Women and men with hip fractures have a longer femoral neck moment arm and greater impact load in a sideways fall
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- Wang, Q., Teo, J.W., Ghasem-Zadeh, A. et al. Osteoporos Int (2009) 20: 1151. doi:10.1007/s00198-008-0768-y
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In a case control study, we report that women and men with hip fractures have a longer moment arm of the force applied on the proximal femur during a sideways fall, a structural feature that may contribute to fracture risk. The impact load and its direction during a sideways fall onto the greater trochanter are partly determined by the geometry of the proximal femur. We hypothesized that the hip geometry in elderly with hip fractures produces a greater impact on the hip during a sideways fall.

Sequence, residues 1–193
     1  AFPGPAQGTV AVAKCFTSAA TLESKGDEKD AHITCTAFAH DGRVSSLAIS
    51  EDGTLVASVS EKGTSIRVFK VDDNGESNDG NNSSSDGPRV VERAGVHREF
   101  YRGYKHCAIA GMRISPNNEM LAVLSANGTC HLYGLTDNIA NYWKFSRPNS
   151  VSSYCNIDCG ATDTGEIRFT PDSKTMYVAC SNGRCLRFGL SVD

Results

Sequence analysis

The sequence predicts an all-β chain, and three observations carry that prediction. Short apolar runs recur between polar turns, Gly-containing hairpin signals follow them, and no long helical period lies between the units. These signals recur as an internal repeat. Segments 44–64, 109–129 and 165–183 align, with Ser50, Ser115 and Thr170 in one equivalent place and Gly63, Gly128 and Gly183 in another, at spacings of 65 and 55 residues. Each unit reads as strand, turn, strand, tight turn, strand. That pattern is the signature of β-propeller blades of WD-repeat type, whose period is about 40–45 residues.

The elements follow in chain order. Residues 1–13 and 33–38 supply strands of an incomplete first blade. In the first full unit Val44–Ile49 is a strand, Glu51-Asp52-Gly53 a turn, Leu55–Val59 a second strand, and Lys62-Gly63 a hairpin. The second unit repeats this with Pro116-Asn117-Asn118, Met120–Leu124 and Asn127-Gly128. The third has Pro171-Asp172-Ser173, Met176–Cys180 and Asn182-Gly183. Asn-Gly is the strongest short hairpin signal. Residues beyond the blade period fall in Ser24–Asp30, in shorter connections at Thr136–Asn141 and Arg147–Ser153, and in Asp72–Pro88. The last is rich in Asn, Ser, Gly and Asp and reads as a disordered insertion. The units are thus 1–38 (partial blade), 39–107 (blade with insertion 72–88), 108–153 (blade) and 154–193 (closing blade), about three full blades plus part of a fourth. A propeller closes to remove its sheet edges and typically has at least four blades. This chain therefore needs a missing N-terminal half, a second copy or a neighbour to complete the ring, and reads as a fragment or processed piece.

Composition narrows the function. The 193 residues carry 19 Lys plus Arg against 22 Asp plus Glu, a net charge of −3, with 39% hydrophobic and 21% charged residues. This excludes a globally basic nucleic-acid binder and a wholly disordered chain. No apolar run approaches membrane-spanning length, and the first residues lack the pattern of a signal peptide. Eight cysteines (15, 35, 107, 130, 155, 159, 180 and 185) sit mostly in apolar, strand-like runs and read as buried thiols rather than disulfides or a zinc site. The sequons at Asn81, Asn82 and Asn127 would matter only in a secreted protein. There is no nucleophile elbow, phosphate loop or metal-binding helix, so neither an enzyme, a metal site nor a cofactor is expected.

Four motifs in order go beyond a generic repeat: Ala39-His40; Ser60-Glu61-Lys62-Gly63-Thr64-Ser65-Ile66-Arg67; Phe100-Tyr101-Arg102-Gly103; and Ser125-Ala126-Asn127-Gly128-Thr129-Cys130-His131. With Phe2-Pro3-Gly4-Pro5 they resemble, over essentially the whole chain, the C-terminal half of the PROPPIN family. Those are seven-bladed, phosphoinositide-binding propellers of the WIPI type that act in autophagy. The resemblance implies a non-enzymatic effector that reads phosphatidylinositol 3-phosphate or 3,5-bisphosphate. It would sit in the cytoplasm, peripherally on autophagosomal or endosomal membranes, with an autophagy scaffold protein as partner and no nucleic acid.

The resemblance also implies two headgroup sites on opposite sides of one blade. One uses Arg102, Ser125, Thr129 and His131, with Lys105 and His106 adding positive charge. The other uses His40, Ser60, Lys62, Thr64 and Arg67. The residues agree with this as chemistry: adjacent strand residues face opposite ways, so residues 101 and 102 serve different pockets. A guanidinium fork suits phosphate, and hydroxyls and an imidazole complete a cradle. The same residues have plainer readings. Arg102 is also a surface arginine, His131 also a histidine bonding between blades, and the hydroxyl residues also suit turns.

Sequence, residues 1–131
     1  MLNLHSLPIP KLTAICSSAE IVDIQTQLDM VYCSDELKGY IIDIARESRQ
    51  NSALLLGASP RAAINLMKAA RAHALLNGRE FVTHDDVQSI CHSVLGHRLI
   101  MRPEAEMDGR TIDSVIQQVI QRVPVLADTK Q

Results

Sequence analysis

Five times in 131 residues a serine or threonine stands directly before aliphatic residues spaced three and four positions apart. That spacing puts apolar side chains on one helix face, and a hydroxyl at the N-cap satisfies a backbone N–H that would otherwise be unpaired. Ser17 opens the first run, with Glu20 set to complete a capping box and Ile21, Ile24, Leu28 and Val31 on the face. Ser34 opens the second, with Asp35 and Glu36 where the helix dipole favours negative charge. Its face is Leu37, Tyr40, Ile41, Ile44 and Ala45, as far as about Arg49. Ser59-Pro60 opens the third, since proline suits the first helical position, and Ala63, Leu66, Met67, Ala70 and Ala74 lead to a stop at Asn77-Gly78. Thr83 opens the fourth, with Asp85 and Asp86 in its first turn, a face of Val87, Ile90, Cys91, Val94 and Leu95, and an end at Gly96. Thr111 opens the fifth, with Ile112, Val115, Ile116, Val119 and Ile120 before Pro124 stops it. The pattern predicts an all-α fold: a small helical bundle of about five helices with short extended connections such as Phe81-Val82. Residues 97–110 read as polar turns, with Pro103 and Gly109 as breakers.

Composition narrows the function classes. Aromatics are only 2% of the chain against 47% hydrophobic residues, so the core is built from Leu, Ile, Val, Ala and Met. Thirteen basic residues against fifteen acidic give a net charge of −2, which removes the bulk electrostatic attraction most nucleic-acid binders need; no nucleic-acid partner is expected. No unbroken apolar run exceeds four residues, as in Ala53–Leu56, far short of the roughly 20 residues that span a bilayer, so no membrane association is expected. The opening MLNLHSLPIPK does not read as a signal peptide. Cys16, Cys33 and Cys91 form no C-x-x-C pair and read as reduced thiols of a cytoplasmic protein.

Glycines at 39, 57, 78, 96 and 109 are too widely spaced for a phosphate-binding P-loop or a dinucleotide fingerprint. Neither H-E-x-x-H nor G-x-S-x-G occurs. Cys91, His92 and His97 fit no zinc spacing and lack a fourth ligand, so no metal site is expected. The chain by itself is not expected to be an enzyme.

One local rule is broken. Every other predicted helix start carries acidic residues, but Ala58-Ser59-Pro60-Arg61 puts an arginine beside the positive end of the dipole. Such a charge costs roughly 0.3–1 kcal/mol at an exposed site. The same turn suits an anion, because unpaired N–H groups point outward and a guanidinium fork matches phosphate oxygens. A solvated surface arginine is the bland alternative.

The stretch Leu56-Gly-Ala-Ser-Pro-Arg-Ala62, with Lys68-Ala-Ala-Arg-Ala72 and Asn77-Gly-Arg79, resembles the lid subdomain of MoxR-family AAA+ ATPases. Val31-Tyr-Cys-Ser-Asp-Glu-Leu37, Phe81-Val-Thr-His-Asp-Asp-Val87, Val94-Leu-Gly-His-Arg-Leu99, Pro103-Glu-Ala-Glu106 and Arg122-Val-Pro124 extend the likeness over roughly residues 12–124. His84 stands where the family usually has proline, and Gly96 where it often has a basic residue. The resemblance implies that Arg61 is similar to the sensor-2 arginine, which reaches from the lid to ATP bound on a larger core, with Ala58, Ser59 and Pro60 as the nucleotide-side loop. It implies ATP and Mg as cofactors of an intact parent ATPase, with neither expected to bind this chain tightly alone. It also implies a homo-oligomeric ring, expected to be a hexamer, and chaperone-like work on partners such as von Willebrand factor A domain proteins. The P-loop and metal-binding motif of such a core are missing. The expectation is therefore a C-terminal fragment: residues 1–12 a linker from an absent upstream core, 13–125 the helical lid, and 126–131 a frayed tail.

We studied 41 female (77.2 ± 9.9 years) and 22 male (76.2 ± 12.1 years) patients with hip fractures and 40 female (85.7 ± 6.0 years) and 17 male (84.3 ± 10.1 years) controls. Hip geometry was analyzed on the nonfracture hip in patients and left hip in controls using dual-energy X-ray absorptiometry.
There was no difference in areal bone mineral density (aBMD), hip axis length, femoral neck axis length, or neck-shaft angle between cases and controls. However, the moment arm of the force on the hip during a sideways fall was 7.3% and 9.5% longer resulting in 5.6% and 9.1% greater moment in such a fall in female and male cases relative to their respective controls independent of height and weight (all p < 0.056). In multivariate logistic regression analysis, only the moment arm length in a sideways fall was associated with increased risk of hip fracture in females (odds ratio = 1.91, 95%CI: 1.14–3.20 for each SD increase in moment arm length of sideways fall, p = 0.02) and males (odds ratio = 2.69, 95% CI, 1.19–6.09, p = 0.01).
A longer moment arm in the sideways fall increases the resultant force applied to the hip predisposing to hip fracture.